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The "War on Coal" is Over

Utilities say market forces and new technology, not politics, have dethroned “King Coal.”

When U.S. Environmental Protection Agency chief Scott Pruitt announced in October that the Trump administration was moving to repeal former President Barack Obama’s landmark Clean Power Plan, he declared that the “war against coal” was over.

But if the actions of Minnesota’s three biggest electric utilities in recent years are any indicator, that “war” has long since been decided: “King Coal” has been dethroned—and not because of overzealous, politically motivated government regulators bent on promoting dubious climate-change science, as Pruitt has claimed.

Rather, the local utilities say it’s been market forces, independent of government policies, and evolving technology favoring coal’s competitors—natural gas, wind and solar power—which have set them firmly on their paths to reduce coal-fired power generation as much as possible.

Each of them—Xcel Energy, Minnesota Power and Great River Energy—say that while they may have initially been spurred by the state’s regulatory requirements that 25 percent of their power come from renewables by 2025, they’re now doing so because it makes economic sense and because their customers want it.

Their mantra has become the pursuit of “flexibility”—the ability to tap technological advances to quickly switch between intermittent wind and solar generation and baseload power sources, which are now dominated by cleaner, more efficient next-generation natural gas-fired turbines. (Baseload is the minimum level of demand on an electric grid over a period of time.)

Given this reality, the utilities say coal is at a big disadvantage as a baseload fuel source in Minnesota for several reasons, regardless of environmental concerns about carbon dioxide emissions and climate change.

First, coal no longer is cheaper than natural gas in Minnesota, thanks to an abundant supply of the latter from North Dakota’s Bakken shale fields, a supply made possible by hydraulic fracturing (“fracking”) and horizontal drilling techniques. Second, aging coal-fired plants are inefficient compared with modern natural gas generators; they can’t be turned off and then quickly fired up when a lack of wind or sunshine puts a damper on renewable sources. In other words, they’re not “flexible.”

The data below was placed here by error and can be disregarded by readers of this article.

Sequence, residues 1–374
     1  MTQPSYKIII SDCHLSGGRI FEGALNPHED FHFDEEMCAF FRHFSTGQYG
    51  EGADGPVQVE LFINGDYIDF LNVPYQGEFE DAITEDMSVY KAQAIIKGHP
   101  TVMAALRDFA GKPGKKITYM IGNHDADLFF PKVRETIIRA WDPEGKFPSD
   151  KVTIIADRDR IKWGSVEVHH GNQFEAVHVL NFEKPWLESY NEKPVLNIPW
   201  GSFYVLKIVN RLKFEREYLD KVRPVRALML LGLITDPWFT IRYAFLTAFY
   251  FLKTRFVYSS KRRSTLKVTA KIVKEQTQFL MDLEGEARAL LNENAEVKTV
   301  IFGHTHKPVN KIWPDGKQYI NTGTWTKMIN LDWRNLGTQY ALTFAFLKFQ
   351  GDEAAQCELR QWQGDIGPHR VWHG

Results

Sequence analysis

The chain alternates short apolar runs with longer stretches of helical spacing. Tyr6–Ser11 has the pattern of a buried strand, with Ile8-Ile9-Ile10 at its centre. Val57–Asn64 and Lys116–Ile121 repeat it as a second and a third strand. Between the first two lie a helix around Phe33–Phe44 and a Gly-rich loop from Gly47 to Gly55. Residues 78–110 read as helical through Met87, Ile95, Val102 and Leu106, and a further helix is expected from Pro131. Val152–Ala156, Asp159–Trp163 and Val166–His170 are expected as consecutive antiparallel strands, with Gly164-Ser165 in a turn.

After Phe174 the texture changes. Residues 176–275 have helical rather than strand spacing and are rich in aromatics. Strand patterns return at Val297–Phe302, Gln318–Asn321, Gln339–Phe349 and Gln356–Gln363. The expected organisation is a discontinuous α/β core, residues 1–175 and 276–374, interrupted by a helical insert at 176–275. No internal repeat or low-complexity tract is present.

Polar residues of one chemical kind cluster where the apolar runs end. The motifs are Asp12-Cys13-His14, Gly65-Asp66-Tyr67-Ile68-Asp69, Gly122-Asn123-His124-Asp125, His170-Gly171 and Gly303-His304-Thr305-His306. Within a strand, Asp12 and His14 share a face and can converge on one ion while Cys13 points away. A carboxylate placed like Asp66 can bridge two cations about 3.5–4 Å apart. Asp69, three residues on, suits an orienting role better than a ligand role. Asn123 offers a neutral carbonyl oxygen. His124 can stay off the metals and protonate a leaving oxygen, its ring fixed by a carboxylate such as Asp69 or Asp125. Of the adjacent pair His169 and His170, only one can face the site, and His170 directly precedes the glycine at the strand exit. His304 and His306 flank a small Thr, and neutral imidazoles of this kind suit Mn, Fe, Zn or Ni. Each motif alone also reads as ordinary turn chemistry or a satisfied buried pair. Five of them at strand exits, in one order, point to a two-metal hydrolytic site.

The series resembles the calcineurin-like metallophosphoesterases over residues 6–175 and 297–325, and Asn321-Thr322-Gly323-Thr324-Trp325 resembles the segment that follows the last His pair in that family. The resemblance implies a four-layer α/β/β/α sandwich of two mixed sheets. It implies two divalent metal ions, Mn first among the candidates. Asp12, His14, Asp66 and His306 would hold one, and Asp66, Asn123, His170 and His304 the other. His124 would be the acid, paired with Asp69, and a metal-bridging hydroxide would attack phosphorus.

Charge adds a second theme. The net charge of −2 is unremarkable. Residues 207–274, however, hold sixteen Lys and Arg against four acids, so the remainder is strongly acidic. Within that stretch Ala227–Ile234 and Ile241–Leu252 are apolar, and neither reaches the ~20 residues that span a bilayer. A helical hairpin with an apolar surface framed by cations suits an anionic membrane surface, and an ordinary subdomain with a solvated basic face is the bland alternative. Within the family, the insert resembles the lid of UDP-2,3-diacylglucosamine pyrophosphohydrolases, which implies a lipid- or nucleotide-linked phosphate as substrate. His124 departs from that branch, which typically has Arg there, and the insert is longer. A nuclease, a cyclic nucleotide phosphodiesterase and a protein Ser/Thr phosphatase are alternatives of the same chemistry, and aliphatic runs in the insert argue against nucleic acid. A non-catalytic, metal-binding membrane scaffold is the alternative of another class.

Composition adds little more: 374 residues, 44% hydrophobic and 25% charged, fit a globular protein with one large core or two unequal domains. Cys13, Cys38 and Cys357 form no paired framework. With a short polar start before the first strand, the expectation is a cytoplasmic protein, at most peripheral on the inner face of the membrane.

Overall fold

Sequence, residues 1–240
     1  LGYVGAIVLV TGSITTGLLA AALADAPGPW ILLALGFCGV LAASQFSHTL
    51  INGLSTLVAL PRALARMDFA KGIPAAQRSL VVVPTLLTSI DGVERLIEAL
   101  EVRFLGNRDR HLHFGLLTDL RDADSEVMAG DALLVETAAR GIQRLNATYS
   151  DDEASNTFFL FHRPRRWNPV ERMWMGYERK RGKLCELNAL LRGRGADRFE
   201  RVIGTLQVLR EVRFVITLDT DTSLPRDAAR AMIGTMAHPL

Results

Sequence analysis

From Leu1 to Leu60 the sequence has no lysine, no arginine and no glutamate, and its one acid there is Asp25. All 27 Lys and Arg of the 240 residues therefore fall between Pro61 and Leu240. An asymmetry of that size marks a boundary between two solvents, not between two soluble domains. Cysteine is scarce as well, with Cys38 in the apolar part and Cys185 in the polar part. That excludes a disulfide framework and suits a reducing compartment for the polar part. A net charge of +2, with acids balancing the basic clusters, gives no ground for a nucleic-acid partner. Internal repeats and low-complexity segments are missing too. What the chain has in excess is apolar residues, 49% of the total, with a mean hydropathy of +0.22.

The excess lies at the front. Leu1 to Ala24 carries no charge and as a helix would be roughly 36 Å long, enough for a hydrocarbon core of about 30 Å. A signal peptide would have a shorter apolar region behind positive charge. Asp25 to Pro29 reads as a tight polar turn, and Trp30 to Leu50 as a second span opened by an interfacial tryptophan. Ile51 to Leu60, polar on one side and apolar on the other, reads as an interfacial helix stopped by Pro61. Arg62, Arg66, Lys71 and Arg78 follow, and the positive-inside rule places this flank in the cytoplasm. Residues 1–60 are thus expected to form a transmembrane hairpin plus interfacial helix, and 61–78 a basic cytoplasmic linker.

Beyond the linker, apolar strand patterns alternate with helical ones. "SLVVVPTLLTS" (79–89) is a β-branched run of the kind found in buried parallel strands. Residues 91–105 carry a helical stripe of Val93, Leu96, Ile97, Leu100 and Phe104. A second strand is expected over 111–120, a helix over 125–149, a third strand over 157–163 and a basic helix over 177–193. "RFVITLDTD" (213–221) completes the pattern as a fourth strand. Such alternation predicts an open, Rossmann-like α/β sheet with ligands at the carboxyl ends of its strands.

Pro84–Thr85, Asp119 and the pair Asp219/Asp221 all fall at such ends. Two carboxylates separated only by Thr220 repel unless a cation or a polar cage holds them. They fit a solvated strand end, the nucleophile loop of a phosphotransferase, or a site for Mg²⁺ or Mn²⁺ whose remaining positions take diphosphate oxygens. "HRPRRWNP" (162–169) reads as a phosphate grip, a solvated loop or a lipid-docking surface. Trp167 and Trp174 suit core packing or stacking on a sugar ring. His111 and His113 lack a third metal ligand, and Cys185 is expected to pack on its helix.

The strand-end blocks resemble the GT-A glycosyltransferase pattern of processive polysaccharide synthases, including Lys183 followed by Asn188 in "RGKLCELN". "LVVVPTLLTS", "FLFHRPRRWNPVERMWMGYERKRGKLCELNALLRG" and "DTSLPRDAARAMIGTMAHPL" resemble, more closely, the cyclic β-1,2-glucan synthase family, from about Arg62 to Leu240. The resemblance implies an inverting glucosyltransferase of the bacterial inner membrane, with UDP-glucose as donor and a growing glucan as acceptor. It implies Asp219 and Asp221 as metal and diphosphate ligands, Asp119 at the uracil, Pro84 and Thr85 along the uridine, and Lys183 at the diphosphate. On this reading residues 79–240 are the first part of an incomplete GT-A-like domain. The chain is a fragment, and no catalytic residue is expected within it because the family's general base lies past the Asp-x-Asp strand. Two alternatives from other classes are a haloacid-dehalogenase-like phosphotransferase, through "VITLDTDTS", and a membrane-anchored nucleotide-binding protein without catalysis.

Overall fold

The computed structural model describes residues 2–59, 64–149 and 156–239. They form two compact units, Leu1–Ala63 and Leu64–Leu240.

Meanwhile, the boom in development of new wind power and solar capacity in Minnesota, Iowa and elsewhere in the Upper Midwest is continuing due not just to investor tax credits, but also demand from utilities seeking to take advantage of plunging generation costs, especially for wind. The latest example is the upcoming Nobles 2 project in northern Nobles County, which will add 250 megawatts of wind power to the region’s electric grid. (A megawatt is 1 million watts, roughly enough to power 750 homes.)

Thus, should the Obama-era Clean Power Plan ultimately be scrapped, it will likely have zero impact in Minnesota since state laws, market forces and technological advances have already prompted the biggest electricity providers to move on from coal. In that respect, the “war against coal” is indeed over.

Minnesota Power commits to natural gas

Perhaps the most telling recent indicator of coal’s likely irreversible relegation to a niche player in the state is a plan submitted to regulators this summer by Duluth-based Minnesota Power, a division of ALLETE Corp., the state’s second-largest investor-owned utility behind Xcel Energy in terms of megawatt-hours of electricity sold.

Minnesota Power (MP) serves a concentration of power-hungry taconite industry customers on the Iron Range. Demand peaks in the dead of winter rather than in summer as with most other utilities, so the utility’s biggest concern has historically been baseload reliability. That, in turn, has meant a big emphasis on coal-fired generation. In fact, the utility was 95 percent dependent on coal as recently as 2005 (see image).

The utility has invested $1.5 billion in its Energy Forward plan, under which it established a long-term goal of providing an energy mix of two-thirds renewable energy and “flexible renewable-enabling” natural gas, and one-third “environmentally compliant” baseload coal.

The latest step came this summer, when MP sought approvals from the Minnesota Public Utilities Commission for a move which, if approved, would result in renewable resources providing 44 percent of the company’s energy supply by 2025 (see “Power Supply Capability,”). The plan would expand its current wind portfolio of 620 megawatts with a 250-megawatt, 20-year purchase power agreement with the owners of the Nobles 2 wind farm, and would double Minnesota Power’s solar capacity to 20 megawatts, “further reducing carbon emissions while keeping rates affordable,” according to the utility.